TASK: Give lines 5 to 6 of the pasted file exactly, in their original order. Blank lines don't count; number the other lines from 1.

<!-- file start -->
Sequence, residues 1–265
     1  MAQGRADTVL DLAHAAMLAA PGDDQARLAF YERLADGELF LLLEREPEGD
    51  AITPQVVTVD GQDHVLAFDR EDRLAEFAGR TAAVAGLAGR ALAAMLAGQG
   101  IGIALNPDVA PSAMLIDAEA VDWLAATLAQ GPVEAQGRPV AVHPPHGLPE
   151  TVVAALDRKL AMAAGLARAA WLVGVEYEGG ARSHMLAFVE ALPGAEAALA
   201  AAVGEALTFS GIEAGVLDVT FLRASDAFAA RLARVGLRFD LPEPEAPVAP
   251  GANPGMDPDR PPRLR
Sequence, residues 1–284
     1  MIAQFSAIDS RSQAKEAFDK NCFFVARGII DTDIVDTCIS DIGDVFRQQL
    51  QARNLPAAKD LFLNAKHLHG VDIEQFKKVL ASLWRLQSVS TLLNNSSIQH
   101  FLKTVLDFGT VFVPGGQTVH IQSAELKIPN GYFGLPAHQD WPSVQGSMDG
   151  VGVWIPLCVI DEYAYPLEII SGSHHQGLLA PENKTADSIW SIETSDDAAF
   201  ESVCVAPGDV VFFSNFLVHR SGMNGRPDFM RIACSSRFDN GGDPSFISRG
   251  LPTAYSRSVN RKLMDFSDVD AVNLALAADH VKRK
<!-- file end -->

   151  TVVAALDRKL AMAAGLARAA WLVGVEYEGG ARSHMLAFVE ALPGAEAALA
   201  AAVGEALTFS GIEAGVLDVT FLRASDAFAA RLARVGLRFD LPEPEAPVAP